The anime is just gonna keep being good, I guess! Fall 2017 continues to be one hell of a season, offering a wide variety of strong shows that so far haven’t really faltered at all. If anything, the fact that this season, and particularly its surprise hits, have been so consistently strong is prompting me to be a little harsher to shows I’d otherwise be happily accommodating. In this case, it means that I’m probably parting ways with The Ancient Magus’ Bride. The manga’s adaptation is perfectly “okay,” but “okay” is just not enough this season – I’m not getting anything out of the anime that I didn’t get out of the more tightly composed manga, and meanwhile, we’ve got stuff like MMO Junkie and Juni Taisen totally blowing me away every single week. I’m sorry Chise, but your adventures turned out to be late by exactly one season. Let’s set that sad parting aside and run the rest of this week down!
This week’s Recovery of an MMO Junkie maintained the show’s very consistent balance of romance, MMO jokes, and absolutely brutal riffs on social anxiety. The sequence dedicated to gatchas was charming enough, if a little outside of my own experiential wheelhouse. I did feel the show leaned into some pretty stale joke territory, but that was all made up by the episode’s second half. There, the sequence between Moriko and Lily’s real-life friend hit so close to home it felt like an attack. Feeling hemmed in by someone’s offer of a date or meetup is something I know all too well – and as with Moriko, it has nothing to do with the person offering, and everything to do with my own anxiety in theoretically consequential, one-on-one social engagements. I perfectly understand Moriko’s fear of “oh no, they’ll all learn I’m a fraud,” as well as the frustration of knowing you have no legitimate excuse to turn someone down. MMO Junkie manages to turn its exploration of severe anxiety into consistently funny skits, but it’s also smartly and sympathetically articulating some pretty harsh truths.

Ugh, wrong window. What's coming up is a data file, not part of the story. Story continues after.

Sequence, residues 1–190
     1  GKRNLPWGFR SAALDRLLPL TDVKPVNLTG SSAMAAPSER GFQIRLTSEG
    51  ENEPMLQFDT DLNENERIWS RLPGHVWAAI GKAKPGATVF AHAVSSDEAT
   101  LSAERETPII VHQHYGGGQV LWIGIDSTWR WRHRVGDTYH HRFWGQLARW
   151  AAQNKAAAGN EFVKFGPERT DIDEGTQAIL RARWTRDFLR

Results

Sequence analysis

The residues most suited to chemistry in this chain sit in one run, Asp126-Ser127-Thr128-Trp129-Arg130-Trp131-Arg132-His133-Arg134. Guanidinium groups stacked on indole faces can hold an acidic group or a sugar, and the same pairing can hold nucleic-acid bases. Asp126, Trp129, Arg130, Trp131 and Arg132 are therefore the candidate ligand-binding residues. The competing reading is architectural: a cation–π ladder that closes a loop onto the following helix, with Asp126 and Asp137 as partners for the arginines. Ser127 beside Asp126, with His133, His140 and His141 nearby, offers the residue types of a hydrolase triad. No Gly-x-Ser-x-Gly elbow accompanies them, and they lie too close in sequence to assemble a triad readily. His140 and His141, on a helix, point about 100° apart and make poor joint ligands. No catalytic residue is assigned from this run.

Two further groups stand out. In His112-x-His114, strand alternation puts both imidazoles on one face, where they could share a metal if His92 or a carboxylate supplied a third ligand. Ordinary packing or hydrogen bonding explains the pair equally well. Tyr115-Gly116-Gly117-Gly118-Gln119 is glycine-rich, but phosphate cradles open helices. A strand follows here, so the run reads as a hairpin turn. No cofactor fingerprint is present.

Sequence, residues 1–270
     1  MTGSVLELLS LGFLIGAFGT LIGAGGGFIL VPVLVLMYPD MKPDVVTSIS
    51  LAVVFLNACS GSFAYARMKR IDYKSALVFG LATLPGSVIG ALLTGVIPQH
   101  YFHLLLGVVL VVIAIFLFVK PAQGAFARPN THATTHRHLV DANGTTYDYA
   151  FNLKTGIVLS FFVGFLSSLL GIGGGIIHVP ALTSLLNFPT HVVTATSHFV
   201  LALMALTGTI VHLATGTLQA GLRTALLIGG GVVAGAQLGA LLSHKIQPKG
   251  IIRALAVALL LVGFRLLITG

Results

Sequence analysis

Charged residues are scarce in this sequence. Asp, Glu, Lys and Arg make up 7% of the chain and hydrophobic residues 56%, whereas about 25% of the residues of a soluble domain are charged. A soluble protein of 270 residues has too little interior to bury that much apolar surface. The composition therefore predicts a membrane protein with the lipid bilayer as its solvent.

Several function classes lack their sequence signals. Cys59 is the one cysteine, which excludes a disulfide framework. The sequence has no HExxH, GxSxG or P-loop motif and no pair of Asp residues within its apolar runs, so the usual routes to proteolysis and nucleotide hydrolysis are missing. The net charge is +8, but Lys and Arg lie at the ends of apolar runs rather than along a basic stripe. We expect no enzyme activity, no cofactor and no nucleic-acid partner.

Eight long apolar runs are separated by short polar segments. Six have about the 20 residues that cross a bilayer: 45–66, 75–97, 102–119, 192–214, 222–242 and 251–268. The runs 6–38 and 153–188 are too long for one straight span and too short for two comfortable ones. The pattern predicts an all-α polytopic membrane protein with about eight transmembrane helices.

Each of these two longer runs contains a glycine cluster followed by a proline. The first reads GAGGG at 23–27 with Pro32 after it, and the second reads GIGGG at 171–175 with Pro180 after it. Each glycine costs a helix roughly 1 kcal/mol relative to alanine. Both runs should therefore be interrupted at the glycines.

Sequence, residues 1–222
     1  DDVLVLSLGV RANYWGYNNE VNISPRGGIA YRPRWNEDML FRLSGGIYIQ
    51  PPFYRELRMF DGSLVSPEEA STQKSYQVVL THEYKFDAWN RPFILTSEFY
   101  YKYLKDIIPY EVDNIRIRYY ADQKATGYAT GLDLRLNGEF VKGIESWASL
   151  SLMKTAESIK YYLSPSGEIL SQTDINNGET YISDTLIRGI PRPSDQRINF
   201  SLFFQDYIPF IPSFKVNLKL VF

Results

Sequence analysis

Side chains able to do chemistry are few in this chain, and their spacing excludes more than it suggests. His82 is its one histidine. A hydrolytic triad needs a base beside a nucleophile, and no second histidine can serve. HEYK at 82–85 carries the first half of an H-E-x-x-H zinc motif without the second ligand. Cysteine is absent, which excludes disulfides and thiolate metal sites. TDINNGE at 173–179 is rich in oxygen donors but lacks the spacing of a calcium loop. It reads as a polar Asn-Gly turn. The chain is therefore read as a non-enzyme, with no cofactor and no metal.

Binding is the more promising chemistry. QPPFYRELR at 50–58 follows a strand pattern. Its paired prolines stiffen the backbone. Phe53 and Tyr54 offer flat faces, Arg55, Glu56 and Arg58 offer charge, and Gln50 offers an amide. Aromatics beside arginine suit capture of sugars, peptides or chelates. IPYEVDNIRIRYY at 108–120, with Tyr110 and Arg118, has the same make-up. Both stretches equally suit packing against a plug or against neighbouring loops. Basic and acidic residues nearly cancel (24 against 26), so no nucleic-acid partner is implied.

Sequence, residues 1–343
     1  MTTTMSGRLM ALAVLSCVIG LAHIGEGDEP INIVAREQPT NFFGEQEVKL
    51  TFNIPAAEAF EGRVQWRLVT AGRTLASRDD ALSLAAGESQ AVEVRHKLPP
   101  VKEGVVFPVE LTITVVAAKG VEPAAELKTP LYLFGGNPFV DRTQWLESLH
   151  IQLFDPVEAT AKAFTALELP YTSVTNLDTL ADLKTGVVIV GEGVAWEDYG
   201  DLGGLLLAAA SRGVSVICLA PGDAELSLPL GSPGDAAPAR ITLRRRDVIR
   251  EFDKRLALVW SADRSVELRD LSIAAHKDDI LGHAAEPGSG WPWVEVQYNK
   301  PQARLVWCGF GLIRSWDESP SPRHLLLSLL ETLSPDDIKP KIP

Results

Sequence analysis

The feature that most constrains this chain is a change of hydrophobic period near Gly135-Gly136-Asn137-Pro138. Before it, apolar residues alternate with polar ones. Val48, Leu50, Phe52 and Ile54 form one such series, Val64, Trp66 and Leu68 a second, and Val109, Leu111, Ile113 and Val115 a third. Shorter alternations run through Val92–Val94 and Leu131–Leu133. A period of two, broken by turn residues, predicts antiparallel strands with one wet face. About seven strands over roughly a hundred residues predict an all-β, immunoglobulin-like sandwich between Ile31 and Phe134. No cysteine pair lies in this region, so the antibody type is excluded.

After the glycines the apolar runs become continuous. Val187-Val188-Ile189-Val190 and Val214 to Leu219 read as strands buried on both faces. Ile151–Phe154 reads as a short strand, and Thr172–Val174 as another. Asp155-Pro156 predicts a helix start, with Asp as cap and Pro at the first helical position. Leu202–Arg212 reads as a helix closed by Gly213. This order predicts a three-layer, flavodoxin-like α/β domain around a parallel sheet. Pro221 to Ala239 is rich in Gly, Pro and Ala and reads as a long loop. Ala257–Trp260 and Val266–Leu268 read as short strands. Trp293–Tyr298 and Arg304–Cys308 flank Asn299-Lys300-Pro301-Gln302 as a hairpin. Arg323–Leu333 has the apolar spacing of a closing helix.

Just Because! seemed to suffer a slight step southward this week, mostly because of its fairly slow first half. “Slow” might be a weird complaint to level at Just Because, considering its usual mode of storytelling is so dang atmospheric and methodical, but even when the show’s scenes meander, I generally feel like they’re revealing more about these characters and their world, as well as working to establish a stronger sense of atmosphere. That didn’t feel as true of this week’s dog lesson, which mostly just felt like a vehicle for more terrifying mascara-wearing dogs. I was much happier with the episode’s second half, which was both a relatably tortured quasi-date experience in its own right and also moved the show towards a pretty major paradigm shift. All this crushing has been nice, but I’m ready to see how these kids deal with immediate conflict within their group.
Love Live! Sunshine!! 2 seems to have fully hit its stride at this point, as this week’s Dia-focused nonsense was likely the best episode of the show so far. This minor conflict was a smartly chosen one, as what with Mari’s standard absurdity and Kanan’s seemingly goofiness-oriented rewrite this season, Dia is basically the only member of this cast who isn’t some variant of abominable memelord. Her self-seriousness actually worked as an emotional obstacle here, and the fact that she’s not-so-secretly one of the most silly and awkward members of the cast resulted in all number of great gags. Sunshine’s idea of dramatic continuity being “maybe Mari should try and sell that giant Mari statue we introduced to fund their trip to Tokyo” really points to how well this show currently has its priorities down. Love Live feels as confident and aware of its own strengths as it ever has.